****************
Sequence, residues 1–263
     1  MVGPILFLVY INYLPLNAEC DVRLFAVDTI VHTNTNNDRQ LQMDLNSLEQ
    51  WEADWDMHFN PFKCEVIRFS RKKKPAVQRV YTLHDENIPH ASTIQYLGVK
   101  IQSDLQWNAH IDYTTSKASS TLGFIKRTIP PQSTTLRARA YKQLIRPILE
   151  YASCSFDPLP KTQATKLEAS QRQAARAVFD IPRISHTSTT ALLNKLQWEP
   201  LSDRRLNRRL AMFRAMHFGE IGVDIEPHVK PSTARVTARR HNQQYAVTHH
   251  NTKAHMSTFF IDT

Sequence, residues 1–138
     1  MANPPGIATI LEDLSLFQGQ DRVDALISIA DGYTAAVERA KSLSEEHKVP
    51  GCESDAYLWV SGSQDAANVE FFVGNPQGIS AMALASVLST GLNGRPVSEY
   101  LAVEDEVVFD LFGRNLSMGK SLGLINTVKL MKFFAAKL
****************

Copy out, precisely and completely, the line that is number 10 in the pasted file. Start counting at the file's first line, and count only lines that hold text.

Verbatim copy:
    51  GCESDAYLWV SGSQDAANVE FFVGNPQGIS AMALASVLST GLNGRPVSEY